Monday, July 09, 2007

Darwin, Robespierre, and the Guillotine

By Kelly Jean Cogswell

On Saturday, Marina and I visited the Jardin des Plantes, settling in a sunny spot near the Natural History Museum where they unashamedly profess the gospel according to Darwin.

If reproduction is the key to the evolution of our species, we saw French society changing in front of our park bench. The gardens were crawling with breeders and their babies. Toddlers made their breaks for freedom down gravel paths. Babies squirmed in those belly pouches of eager fathers.

I'd forgotten heterosexuals didn't just have a different sexual orientation, but a whole host of squealing side effects. We had to wait two hours to see two other dykes, blissfully childless. As to fags, forget it.

In all that time, the only real sign of evolution was a white grandmother waiting for her brown grandkid to catch up. She stood there smiling as he reached in his trouser pockets for a tiny hanky, pretended to blow his nose then put the hanky back again. As kids will, he did it over and over and over until she in turn pretended to leave and he screamed and ran after.

It's not strange to see mixed race couples in Paris, or their offspring with white grandmothers. What with all the miscegenation, you'd almost get the idea the French have moved beyond racism.

In fact, Friday, the gay Paris mayor, Bertrand Delanoe, hitched a desperate and light-skinned Hispanic housewife to a black basketball star at City Hall, congratulating him on his work against racism. On Saturday, their nuptials continued in a cathedral near the Louvre Palace where kings used to marry their queens. That's progress, I guess.

So what if the mayor still doesn't have the right to get married himself, and the Latina housewife, Eva Longoria, represents the bigoted French cosmetics conglomerate, L'Oréal?

As she and Tony Parker were saying their "I do's," at the Hotel de Ville, L'Oréal's Garnier division was getting slammed for racial discrimination during a promotional campaign in 2000 when a company fax made it clear, if you weren't white, or "BBR," (bleu, blanc, rouge -- the colors of the French flag) they didn't want you handing out shampoo samples in France.

They may have hired Vanessa Williams, Beyoncé Knowles, and Longoria in the States, but especially in the global South, L'Oréal's "white is wonderful campaign" is still in full swing.

The TV in India is full of ads for Garnier Light, promising "fairer skin in just four weeks." In Korea, the L'Oreal brand, Vichy, touts BI-White. That print ad shows a dark-skinned face literally being unzipped to reveal fairer skin just under the surface. Black, I guess, is abominable.

As bigots, they're not alone in France. White grandparents may adore their little brown grandchildren, but they wouldn't give them a job.

Something like seventy-five percent of employers would prefer to hire whites. In fact, they not only prefer, they do. If you have the wrong name, the wrong address, they won't even read your resume. Which is why kids from the mostly black and "beur" suburbs go on sprees torching cars.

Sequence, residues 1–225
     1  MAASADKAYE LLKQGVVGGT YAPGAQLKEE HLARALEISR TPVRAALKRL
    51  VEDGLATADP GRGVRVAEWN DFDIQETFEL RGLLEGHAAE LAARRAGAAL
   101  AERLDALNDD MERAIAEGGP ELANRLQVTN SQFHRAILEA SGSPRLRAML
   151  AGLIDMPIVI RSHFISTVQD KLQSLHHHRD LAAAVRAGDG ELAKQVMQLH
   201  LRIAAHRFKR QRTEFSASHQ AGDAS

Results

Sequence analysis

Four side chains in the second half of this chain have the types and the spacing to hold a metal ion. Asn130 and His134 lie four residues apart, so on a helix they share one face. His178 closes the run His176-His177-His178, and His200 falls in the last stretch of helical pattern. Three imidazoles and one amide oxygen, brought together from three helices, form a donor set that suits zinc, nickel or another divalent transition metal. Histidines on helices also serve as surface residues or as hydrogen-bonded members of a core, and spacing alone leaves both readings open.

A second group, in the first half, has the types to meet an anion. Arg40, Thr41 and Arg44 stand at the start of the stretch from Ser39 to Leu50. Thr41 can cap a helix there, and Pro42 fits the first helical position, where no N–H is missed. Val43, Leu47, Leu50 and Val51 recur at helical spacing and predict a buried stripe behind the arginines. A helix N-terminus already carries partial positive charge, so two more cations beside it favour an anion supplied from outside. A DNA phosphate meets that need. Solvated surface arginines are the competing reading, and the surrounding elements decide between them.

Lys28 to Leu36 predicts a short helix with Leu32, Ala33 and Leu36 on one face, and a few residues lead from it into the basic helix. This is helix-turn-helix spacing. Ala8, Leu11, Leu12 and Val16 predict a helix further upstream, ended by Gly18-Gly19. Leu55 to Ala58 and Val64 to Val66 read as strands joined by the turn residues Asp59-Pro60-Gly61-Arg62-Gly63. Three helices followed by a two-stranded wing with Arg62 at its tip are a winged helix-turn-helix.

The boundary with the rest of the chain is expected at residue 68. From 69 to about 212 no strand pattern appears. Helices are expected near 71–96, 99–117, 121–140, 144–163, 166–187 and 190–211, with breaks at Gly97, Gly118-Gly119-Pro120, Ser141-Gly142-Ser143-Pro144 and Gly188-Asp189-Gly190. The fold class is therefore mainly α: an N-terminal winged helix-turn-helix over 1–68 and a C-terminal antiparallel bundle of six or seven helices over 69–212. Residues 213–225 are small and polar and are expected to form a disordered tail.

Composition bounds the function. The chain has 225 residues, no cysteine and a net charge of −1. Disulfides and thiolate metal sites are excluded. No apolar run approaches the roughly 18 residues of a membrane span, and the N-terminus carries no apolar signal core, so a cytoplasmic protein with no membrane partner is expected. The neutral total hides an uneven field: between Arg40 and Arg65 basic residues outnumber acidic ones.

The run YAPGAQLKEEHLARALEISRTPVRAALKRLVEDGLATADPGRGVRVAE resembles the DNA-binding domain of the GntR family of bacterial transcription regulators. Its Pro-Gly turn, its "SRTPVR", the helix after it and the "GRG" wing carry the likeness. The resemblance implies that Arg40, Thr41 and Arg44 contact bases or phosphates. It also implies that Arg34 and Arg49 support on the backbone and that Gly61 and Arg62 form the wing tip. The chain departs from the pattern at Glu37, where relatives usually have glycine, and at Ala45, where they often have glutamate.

Call it a smoke signal. It's time for change, and breeding won't do it among humans. We can hold a pencil with our opposable thumbs, but in our brains we're still prehistoric beasts seeing everything as Us against Them.

Human evolution, now, is a question of society and law and politics.

Oddly, it's the right-wing President Nicolas Sarkozy who seems prepped for change in France. Socialists talk about equality and social justice nonstop, but it's him that's done a Bush and stacked his cabinet with people of color.

Rachida Dati is Minister of Justice, making her the first woman of North African origin to hold a ministerial post. She's preparing to set up special departments in prosecutors' offices to handle cases of racial discrimination in hiring.

Later this month, another Sarko appointee of color, Secretary of State for Urban Policies, Fadela Amara, will visit an army recruiting office with the Minister of Defense in an attempt to address racism in the army.

The problem came to the forefront this week as France prepares to celebrate Bastille Day with a big military parade. Black activist, Patrick Lozés, published an open letter asking why you could see plenty of enlisted men of color, but almost no officers, none at all at the top. That may change under Sarkozy.

Not because he's a great guy. Critics say his appointments are just a PR ploy, stealing the thunder from the Socialists. After all, he continues to deport immigrants by the thousands.

I'm not sure his intentions matter. In the age of L'Oréal, dark faces at the top are by themselves a revolution in France.

As we bring out the bottles of blood red wine, the establishment "elephants" would do well to consider the lesson of the guillotine -- evolve or die.

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